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GOP Rep Grabs AR-15 Kept in His Office, Dares Biden & O'Rourke To Start Confiscation with Him

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With the 2020 election heating up, Democrats seem determined to run on unpopular, even radical, gun control policies, including the banning of firearms like popular AR-15 rifle.

Fortunately, there are more than enough folks willing to take a stand against such policies.

Enter Rep. Ken Buck, a Republican from Colorado’s Fourth Congressional District.

On Friday morning, Buck posted a short video in support of the Second Amendment from his official Twitter account.

“I have a message for Joe Biden and Beto O’Rourke,” Buck said in the video.

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“If you want to take everyone’s AR-15 in America, why don’t you swing by my office in Washington, D.C., and start with this one.”

Buck then took an AR-15 rifle with an American flag paint scheme off the wall, where it had been hanging, and posed with it.

“Come and take it,” Buck said.

At a campaign rally in Dallas, Texas, the night before Super Tuesday, Biden brought on stage none other than former Texas congressman and failed Senate candidate Beto O’Rourke, who ended his presidential bid late last year when it failed to gain momentum.

After O’Rourke endorsed Biden at the rally, Biden took the mic and announced to the crowd, “I want to make something clear, I’m going to guarantee you this is not the last you’ve seen of him.”

Biden turned to O’Rourke and said, “You’re going to take care of the gun problem with me. You’re going to be the one who leads this effort. I’m counting on you. I’m counting on you. We need you badly, the state needs you, the country needs you. You’re the best!”

Biden then shook O’Rourke’s hand vigorously.

O’Rourke previously made headlines for the anti-“assault weapons” statement he made at a debate last year, when he famously said, “Hell yes, we’re going to take your AR-15, your AK-47! We’re not going to allow it to be used against fellow Americans anymore!”

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Though mass shootings with rifles are horrific, they are also extraordinarily rare. Data from the FBI has all but proven that rifles like the AR-15 are used very infrequently in homicides.

And confiscating them would likely result in no reduction in violence — those bent on causing harm would likely find a way to do so, while law-abiding Americans would not.

Yet many anti-gun advocates believe no one should be able to legally own an AR-15.

Should AR-15 rifles be confiscated by the government?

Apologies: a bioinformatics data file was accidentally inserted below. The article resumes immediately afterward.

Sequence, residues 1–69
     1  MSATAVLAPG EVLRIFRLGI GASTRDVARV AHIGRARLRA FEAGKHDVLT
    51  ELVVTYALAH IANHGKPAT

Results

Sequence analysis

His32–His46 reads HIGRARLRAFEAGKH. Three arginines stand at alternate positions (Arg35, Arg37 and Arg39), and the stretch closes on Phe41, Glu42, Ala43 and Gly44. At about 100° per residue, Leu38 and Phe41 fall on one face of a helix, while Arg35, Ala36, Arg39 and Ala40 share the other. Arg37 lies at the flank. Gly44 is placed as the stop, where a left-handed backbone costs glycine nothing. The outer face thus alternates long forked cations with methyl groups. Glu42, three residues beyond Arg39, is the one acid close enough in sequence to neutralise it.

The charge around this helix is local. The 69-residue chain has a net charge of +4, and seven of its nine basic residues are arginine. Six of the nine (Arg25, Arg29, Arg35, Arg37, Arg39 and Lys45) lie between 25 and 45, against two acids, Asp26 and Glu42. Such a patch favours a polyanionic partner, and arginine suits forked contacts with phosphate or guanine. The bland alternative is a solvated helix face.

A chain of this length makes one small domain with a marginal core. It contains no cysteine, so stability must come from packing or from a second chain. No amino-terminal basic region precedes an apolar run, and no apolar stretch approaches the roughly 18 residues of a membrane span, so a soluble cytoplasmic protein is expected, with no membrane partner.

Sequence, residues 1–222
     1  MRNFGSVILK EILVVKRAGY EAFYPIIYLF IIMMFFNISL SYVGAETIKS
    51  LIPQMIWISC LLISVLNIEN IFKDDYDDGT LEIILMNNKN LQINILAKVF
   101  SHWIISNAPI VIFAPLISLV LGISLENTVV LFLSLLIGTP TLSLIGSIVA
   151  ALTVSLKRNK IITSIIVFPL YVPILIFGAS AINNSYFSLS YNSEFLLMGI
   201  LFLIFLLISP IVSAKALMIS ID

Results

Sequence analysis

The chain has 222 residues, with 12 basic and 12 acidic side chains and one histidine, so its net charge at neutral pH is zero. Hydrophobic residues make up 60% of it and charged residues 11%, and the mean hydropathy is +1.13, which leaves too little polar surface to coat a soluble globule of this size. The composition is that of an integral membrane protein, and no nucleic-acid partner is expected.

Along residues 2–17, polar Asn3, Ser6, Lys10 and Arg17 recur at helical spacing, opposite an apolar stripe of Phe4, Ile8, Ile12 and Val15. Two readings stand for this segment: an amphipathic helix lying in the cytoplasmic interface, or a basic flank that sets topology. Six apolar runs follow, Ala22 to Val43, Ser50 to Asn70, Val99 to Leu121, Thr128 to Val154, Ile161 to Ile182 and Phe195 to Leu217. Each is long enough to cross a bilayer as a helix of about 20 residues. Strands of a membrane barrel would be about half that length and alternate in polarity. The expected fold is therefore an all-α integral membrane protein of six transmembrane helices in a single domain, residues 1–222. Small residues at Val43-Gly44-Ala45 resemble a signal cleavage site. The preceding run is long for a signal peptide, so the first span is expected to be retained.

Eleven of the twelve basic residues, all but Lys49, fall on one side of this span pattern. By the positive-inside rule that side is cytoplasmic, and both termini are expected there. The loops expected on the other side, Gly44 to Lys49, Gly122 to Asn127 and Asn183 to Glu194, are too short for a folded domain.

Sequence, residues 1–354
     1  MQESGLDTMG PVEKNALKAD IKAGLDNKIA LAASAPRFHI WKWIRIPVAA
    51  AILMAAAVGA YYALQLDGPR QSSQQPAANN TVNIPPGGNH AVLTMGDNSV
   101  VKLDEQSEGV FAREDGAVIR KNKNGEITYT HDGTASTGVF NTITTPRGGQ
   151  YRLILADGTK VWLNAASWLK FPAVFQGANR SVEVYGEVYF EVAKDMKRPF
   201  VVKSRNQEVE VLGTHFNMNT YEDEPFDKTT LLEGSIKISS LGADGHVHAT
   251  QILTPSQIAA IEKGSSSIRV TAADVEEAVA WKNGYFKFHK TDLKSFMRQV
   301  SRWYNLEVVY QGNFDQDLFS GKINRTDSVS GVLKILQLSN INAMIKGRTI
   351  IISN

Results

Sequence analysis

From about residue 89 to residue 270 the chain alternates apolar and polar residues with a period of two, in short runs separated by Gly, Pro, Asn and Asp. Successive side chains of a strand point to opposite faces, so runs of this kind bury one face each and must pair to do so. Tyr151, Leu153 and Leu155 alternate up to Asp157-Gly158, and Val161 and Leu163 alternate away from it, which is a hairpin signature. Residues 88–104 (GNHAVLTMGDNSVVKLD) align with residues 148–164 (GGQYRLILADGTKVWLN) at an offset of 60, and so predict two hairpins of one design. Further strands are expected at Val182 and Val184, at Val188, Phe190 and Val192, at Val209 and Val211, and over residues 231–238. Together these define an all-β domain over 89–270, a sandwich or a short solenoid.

But the reason why people would want to own an AR-15 or a gun like it is so simple, it hardly needs explaining.

These sorts of rifles increase one’s safety: The power is greater, the range is further, the bullet capacity is higher and the accuracy is finer. If defending one’s family and home, who would not want those odds stacked in their favor? (Though it’s worth noting, as a Buck spokesperson told Business Insider, that the rifle in his office is “completely inoperable.”)

And as for the argument against so-called “high-capacity” magazines, bear in mind that every bullet in such magazines is like your chances to win the lottery — one more chance to protect, to defend and to save life.

If you and your family were under attack, how many chances would you like? Ten? Twenty?

An extended magazine could provide 30 chances. How many bullets is your life or the lives of your loved ones worth?

If anti-gun activists truly believe that confiscation is a necessary and worthwhile goal, they had better be prepared to argue against the value of life itself. Because gun rights are not just civil rights, they are basic human rights.

It took thousands of years, countless lives and the inspiration of technology to finally create an uneasy equilibrium for mankind to protect itself from itself.

Perhaps anti-gunners know a way, heretofore unknown, of controlling human viciousness. But consider that even in prison, where needs for food, shelter, health care, recreation and safety come in a gun-free environment, the violent still control the violence.

CORRECTION, March 9, 2020: A previous version of this article incorrectly referred to an ammunition magazine as a clip. We apologize to our readers for the error.

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James V. Morganelli’s work has appeared in The Federalist, and he is the author of the award-winning "The Protector Ethic: Morality, Virtue, and Ethics in the Martial Way."
James V. Morganelli’s work has appeared in The Federalist, and he is the author of the award-winning "The Protector Ethic: Morality, Virtue, and Ethics in the Martial Way." He holds a master’s degree in philosophy from Loyola University Chicago concentrating in Applied Ethics and Natural Law and is a lifelong practitioner of martial arts.




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